James Magnussen rips Daniel Andrews as Commonwealth Games 'embarrassment' slammed

The Victorian government has announced the state will no longer host the 2026 Commonwealth Games.

James Magnussen, pictured here at the Commonwealth Games.
James Magnussen has slammed the decision to scrap the 2026 Commonwealth Games in Victoria. Image: Getty

Aussie swimming champion James Magnussen has lashed out at Daniel Andrews' decision to scrap the 2026 Commonwealth Games, which were set to be held in regional Victoria. Mr Andrews made the shock announcement on Tuesday that the Games will not go ahead in the state due to funding issues.

The 12-day event was forecast to cost the state $2.6 billion, but Mr Andrews revealed on Tuesday that the figure was more in the region of $6-7 billion. The Victorian Premier said his government would no longer support the Games because it was clear the cost was far too expensive.

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"Frankly, $6 billion to $7 billion for a 12-day sporting event, we are not doing that - that does not represent value for money, that is all costs and no benefit," he said. Mr Andrews said even if the federal government could come to the party, the Games were not worth the money.

"I wouldn't spend half of that money even if I got the other half from Canberra, because you know that's coming at the expense of something else - hospitals, schools, roads," he said.

Reacting to the announcement on Tuesday, a number of Aussie athletes were left fuming. "It's really disappointing," Retired Olympic and Commonwealth Games swimmer Magnussen told SEN radio.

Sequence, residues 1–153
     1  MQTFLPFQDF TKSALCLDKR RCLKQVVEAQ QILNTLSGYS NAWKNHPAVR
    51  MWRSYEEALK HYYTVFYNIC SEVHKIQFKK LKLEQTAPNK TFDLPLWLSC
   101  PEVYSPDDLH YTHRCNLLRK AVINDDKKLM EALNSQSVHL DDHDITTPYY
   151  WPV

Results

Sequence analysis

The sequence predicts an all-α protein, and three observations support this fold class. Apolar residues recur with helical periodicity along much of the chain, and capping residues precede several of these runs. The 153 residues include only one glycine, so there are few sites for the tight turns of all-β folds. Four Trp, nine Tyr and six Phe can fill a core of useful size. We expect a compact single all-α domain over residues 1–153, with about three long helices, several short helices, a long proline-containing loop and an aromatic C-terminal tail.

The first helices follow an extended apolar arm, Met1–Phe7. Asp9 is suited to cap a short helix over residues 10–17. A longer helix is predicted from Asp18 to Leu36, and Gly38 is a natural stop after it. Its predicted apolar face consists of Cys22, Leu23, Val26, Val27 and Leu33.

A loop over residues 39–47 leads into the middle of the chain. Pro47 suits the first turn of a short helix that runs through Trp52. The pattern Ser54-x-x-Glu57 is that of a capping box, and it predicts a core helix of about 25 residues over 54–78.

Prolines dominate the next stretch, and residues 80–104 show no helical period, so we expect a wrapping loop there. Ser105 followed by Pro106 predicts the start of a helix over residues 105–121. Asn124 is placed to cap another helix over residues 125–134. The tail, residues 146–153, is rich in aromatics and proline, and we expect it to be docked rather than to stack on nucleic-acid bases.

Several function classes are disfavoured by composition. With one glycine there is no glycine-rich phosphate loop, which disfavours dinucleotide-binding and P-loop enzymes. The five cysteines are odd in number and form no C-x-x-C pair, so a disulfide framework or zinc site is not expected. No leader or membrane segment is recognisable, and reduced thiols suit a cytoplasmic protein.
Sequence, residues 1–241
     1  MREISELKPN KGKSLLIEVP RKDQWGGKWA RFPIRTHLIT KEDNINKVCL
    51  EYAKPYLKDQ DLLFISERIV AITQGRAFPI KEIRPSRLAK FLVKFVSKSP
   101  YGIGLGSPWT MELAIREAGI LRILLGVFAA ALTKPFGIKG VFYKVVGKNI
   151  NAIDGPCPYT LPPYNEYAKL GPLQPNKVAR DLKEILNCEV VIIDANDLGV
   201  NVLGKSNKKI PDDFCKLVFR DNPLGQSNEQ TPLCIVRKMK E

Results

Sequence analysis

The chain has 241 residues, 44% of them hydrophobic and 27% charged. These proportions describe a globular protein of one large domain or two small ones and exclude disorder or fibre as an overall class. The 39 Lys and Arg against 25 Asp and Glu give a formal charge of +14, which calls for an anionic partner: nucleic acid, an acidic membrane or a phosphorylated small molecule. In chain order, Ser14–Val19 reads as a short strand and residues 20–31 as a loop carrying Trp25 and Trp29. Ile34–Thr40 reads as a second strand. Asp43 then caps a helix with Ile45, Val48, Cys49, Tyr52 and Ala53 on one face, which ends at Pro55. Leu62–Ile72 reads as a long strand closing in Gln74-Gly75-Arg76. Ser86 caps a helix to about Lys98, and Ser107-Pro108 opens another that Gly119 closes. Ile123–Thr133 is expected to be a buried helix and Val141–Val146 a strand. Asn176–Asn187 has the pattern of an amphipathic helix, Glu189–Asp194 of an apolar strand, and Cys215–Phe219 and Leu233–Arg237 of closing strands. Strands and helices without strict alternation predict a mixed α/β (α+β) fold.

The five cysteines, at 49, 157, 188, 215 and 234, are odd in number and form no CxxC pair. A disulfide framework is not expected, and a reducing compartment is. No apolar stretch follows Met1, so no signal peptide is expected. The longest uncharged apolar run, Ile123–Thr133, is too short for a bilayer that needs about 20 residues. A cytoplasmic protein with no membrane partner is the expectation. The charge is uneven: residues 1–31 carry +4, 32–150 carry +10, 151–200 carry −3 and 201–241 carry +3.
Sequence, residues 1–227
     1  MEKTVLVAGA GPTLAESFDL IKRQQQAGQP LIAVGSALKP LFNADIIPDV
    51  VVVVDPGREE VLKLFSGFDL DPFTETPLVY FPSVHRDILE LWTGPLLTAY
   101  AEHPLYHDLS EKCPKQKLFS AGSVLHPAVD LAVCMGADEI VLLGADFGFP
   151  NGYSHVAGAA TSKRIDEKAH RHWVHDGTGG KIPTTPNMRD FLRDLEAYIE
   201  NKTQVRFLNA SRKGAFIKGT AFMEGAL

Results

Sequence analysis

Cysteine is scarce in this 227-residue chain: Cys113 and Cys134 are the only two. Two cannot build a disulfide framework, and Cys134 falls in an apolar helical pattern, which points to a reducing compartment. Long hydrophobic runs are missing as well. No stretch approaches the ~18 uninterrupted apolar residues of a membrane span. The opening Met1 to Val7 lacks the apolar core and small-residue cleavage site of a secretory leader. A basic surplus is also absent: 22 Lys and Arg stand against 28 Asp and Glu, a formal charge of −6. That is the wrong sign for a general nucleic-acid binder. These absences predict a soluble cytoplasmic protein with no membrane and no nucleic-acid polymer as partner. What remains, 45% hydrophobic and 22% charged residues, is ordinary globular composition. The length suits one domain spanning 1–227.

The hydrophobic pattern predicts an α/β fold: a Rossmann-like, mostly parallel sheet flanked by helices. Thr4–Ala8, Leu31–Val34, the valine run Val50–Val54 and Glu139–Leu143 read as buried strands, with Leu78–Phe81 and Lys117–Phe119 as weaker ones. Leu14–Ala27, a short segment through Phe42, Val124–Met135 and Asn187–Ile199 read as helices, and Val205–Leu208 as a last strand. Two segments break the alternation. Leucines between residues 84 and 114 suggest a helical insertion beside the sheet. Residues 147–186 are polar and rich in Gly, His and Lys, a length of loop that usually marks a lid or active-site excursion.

James Magnussen, pictured here at the Commonwealth Games in 2018.
James Magnussen (second from left) at the Commonwealth Games in 2018. (Photo by Chris Putnam/Future Publishing via Getty Images)

"The Commonwealth Games holds a special place in Australian athletes' hearts. We don't get a grand final every year like you do in the football codes. We train year-round to perform often once per year.

"You've got a World Champs year, you've got a Comm Games year, and you've got an Olympics year. Take that out of the cycle and we're racing once every two years.

"As an athlete who competed at the Gold Coast Commonwealth Games, and for all those fans who went along... that was a massive event and was very well received. It still holds a lot of importance in the sporting landscape here in Australia. That's essentially the biggest recruitment tool for a sport like swimming. People are watching NRL and AFL every weekend.

"Something like the Commonwealth Games on home soil just ignites that dream for a young athlete. It has a huge impact on those sports. "

Swimming Australia head coach Rohan Taylor said he hopes the 2026 Games will be relocated, describing the event as crucial in the build-up to the 2032 Olympics in Brisbane. "It's disappointing for the Australian public to miss out on having that event which we know is a great opportunity for our athletes to represent their country," Taylor told AAP.

"I'm disappointed they are not going to get the opportunity to do that ... athletes perform in front of home crowds. Hopefully we will see what the option that the Commonwealth Games Federation come up with, where it could be hosted.